Wind Rights under Property Law: Answers Still Blowing in the Wind
Troy A. Rule
Arizona State University (ASU) - Sandra Day O'Connor College of Law
November 19, 2012
Probate and Property, Vol. 26, No. 6 (2012)
University of Missouri School of Law Legal Studies Research Paper No. 2012-34
The rising economic value of wind resources in recent years has introduced some perplexing new property law questions. For example, what exactly are “wind rights”, and are they legally cognizable real property interests? Should landowners be liable if wind turbines on their parcels disrupt the energy productivity of wind flowing onto downwind property? Can landowners legally sever a “wind estate” from their land and transfer it separately from the surface rights, like a mineral estate? And should a wind energy restriction that effectively appropriates private airspace for a specific government entity’s own use trigger a compensable regulatory taking?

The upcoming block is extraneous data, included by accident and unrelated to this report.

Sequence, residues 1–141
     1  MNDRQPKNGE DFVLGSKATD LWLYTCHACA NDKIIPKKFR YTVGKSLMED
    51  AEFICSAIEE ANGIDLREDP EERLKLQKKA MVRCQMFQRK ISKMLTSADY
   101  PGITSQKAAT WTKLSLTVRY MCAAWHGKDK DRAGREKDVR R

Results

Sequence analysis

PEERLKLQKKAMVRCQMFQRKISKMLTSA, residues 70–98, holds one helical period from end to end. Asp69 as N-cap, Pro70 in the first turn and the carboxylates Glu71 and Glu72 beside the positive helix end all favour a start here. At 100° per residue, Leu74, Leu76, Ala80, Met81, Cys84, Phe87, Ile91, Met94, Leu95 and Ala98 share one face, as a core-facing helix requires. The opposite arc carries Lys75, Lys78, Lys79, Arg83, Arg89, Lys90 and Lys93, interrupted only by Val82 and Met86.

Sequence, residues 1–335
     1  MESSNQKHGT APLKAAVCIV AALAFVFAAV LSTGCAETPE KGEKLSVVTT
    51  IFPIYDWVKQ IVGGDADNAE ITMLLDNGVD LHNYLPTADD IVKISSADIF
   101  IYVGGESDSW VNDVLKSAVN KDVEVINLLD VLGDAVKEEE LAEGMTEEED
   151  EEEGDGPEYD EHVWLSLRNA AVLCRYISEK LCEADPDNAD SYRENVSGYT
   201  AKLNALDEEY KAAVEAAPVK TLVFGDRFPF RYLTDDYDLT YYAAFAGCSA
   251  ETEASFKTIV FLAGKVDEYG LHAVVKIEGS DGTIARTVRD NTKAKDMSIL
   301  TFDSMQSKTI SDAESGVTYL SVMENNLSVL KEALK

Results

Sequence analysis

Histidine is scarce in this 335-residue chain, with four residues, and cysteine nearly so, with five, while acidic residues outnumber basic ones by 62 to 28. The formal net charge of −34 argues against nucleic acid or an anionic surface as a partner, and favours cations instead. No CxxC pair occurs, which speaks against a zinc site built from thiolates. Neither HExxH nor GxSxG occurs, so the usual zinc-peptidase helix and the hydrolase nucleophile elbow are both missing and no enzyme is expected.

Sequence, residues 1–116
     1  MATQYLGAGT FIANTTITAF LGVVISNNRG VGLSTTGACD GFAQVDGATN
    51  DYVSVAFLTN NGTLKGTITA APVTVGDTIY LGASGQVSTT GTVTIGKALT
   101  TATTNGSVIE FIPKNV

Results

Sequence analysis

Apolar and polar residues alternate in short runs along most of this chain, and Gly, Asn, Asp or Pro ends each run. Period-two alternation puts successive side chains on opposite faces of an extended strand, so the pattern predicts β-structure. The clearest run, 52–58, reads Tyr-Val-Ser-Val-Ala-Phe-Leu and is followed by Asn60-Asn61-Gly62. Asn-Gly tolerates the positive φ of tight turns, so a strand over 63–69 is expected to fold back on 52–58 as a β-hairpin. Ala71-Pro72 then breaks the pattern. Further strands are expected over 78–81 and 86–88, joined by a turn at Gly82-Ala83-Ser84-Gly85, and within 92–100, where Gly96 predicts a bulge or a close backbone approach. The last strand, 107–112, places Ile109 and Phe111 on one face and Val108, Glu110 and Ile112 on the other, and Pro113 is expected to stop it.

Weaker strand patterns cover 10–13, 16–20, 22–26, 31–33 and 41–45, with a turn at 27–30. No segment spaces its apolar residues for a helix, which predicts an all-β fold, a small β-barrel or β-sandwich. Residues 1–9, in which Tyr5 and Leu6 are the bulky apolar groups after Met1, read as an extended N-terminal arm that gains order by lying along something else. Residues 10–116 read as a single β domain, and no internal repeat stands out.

Although a handful of state legislatures have recently enacted laws seeking to clarify the nature and scope of wind rights, significant uncertainty surrounding these rights remains. Such uncertainty can deter investment in wind farms and impede wind energy development. In an era of shrinking state budgets and dwindling government subsidies for alternative energy, laws that provide greater certainty regarding wind rights are a low-cost way for states to promote wind energy development within their jurisdictions. This short magazine article examines a handful of unresolved property law issues involving wind energy and briefly describes some potential policy strategies for addressing these issues.
Number of Pages in PDF File: 10
Keywords: wind, property, rights, economic, value, resources, landowners, policy, energy
Date posted: November 19, 2012
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